October 7, 2013 / 9:24 AM / 4 years ago

Key Euribor rate steady after mixed ECB messages

FRANKFURT, Oct 7 (Reuters) - The benchmark Euribor
bank-to-bank lending rate was unchanged on Monday after a week
of mixed signals from the European Central Bank on the chances
of it launching a new round of long-term loans soon.
    With excess liquidity in the banking system declining, many
economists expect the ECB to launch a new round of long-term
cheap loans to encourage banks to lend to the wider economy and
to keep money market interest rates under control.
    ECB President Mario Draghi said last Wednesday the ECB was
"particularly attentive" to any moves in market rates which
could threaten economic recovery or push inflation too low. He
stopped short of announcing any immediate action. 
    But Governing Council member Christian Noyer said after the
bank's meeting that it had no need for now to offer a new round
of ultra-cheap long-term loans because liquidity in the banking
system was abundant. 
    ECB Executive Board member Benoit Coeure added on Thursday
that central banks must be wary of offering liquidity on such
easy terms that it deters some euro zone banks from necessary
restructuring. 
    On Monday, the three-month Euribor rate,
traditionally the main gauge of unsecured bank-to-bank lending,
stayed at 0.225 percent.
    The six-month Euribor rate inched higher to
0.339 percent from 0.338 percent while the one-week rate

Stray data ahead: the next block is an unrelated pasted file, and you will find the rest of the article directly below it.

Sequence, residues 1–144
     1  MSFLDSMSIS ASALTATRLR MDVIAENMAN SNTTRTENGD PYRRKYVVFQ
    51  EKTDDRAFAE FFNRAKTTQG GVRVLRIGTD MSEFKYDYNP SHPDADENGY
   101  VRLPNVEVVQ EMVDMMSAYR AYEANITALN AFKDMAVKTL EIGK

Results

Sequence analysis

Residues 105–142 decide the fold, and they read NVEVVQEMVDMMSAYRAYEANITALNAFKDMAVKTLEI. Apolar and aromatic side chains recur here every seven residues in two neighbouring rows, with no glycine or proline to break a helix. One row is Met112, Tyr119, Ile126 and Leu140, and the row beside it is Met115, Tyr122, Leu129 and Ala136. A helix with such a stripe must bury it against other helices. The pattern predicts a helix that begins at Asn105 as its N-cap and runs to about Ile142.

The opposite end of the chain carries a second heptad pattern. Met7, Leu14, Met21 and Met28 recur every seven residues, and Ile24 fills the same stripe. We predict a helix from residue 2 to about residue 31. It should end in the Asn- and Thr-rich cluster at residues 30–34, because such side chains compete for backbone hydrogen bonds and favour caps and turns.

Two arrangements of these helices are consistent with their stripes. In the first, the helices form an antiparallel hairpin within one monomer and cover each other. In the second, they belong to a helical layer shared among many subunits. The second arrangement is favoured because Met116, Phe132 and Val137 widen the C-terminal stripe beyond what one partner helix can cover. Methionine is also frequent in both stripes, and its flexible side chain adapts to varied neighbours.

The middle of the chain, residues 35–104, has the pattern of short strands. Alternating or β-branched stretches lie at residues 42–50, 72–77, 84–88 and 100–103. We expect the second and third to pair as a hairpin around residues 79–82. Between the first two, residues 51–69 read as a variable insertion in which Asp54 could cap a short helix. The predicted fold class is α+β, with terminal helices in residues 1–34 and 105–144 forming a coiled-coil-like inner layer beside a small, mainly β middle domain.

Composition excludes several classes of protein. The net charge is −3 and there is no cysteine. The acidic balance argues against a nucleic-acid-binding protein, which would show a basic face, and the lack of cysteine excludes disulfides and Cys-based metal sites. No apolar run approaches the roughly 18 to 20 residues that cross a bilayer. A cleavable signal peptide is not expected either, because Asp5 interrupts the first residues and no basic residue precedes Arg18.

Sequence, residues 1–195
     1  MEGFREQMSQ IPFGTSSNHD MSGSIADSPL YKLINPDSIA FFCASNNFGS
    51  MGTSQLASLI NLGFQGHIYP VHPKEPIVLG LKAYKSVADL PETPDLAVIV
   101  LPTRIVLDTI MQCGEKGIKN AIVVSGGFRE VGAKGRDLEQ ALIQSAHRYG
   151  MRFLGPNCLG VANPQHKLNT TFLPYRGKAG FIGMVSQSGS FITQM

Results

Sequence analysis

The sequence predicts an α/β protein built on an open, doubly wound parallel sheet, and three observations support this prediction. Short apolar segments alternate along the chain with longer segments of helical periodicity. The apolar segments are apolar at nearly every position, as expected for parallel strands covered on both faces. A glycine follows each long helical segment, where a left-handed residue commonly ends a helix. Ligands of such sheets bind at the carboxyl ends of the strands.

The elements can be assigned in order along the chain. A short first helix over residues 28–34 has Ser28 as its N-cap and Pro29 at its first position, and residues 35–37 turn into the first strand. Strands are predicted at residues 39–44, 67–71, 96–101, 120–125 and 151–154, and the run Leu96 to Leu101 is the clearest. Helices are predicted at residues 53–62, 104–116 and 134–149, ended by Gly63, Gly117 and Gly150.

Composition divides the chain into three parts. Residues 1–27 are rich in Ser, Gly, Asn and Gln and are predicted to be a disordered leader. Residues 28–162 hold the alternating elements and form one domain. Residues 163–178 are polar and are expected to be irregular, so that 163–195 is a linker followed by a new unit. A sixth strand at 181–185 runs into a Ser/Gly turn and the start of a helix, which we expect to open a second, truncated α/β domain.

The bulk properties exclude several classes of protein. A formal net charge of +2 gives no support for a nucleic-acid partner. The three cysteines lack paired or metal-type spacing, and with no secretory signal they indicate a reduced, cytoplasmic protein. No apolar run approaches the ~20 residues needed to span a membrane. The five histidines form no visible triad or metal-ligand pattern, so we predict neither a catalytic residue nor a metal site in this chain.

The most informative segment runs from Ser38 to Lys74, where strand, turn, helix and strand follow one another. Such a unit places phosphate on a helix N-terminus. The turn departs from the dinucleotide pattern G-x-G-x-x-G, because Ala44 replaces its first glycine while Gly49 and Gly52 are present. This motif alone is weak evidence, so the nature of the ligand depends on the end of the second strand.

remained at 0.099 percent. The overnight Eonia
rate rose to 0.084 percent from 0.079 percent.
    Excess liquidity in the euro zone banking
sector - the amount of money in the market over and above what
the banking system needs to function - was at 217 billion euros,
close to its lowest level since late 2011, before the ECB
flooded markets with more than 1 trillion euros of long-term
loans.
    Short-term money market rates are expected to rise closer to
the main refinancing rate, currently at 0.5 percent, once excess
liquidity in the system falls below a threshold estimated to be
in the range of 100 billion to 200 billion euros.  
    
    Euribor rates are fixed daily by the Banking Federation of 
the European Union (FBE) shortly after 0900 GMT.
    * For a table of the latest Euribor fixings for terms of one
week to one year, double click on 
    * For a table of the previous day's fixings of EONIA swap 
rates, which show market expectations for future overnight 
lending rates, double click on 
    * For graphs of historic Euribor and EONIA swap rates, right
click on the links in angle brackets below, and select 'Related 
Graph'  
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 (Reporting by Frankfurt newsroom; editing by Patrick Graham)

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